Following distribution of preferences, the membership of the first Assembly was one member from the Abolish Self-Government Coalition; five members from the Australian Labor Party; four members from the Liberal Party; three members from the No Self Government Party and four members from the Residents Rally.[14] Labor, with the largest representation in the 17-member unicameral Assembly, formed a minority Government. Follett was elected the first Chief Minister at the first sitting of the first Assembly on 11 May 1989,[1] sitting in rented premises at 1 Constitution Avenue, Canberra City. The final sitting of the first Assembly was on 17 December 1991.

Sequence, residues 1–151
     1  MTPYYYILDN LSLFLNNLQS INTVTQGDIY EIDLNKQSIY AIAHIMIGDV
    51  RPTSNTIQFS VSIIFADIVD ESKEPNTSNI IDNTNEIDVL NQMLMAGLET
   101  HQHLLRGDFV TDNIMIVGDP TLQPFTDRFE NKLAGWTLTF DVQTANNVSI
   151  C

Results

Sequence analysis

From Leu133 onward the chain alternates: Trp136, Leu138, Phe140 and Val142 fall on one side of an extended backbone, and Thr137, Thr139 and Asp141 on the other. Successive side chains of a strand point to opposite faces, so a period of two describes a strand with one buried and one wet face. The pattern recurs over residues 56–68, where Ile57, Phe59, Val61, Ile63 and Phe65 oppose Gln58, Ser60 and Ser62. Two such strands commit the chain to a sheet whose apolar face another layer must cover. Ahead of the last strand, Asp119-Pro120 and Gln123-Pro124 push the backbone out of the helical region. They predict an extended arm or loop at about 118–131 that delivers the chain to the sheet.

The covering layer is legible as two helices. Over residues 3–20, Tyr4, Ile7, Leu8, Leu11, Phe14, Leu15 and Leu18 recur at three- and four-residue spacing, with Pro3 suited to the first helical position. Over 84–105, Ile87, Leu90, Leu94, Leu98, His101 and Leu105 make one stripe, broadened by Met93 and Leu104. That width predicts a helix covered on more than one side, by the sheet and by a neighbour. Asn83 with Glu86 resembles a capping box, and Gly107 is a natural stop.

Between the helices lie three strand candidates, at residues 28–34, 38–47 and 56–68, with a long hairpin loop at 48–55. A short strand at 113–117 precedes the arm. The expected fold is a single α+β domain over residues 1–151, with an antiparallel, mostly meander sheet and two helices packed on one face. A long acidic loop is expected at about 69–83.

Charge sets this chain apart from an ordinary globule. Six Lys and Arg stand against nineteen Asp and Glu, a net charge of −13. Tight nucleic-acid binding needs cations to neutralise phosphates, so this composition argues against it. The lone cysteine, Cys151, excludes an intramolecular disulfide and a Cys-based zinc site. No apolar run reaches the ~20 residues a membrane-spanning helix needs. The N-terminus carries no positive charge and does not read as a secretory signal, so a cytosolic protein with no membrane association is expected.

Officers

The office holders of the first Assembly[1] were:

See also

External links

  • ACT Electoral Commission – 1989 election
  • ACT Legislative Assembly – List of Members (1989–2008)
  • ACT Election compendium (2004)
  • ABC Stateline 20 Years of Self Government (2009)

References

  1. ^ a b c "Legislative Assembly for the ACT – Week 1" (PDF). ACT Hansard. ACT Legislative Assembly. 11 May 1989. Retrieved 8 August 2010.
  2. ^ a b "Election timetable". ACT Legislative Assembly election – 1989. ACT Electoral Commission. 1989. Retrieved 3 August 2012.
  3. ^ "A brief history of self-government in the ACT". Education – fact sheets. ACT Legislative Assembly. 2010. Archived from the original on 25 March 2014. Retrieved 3 September 2010.
  4. ^ "Self-Government – Setting the Scene". Education – fact sheets. ACT Legislative Assembly. 2010. Archived from the original on 25 March 2014. Retrieved 3 September 2010.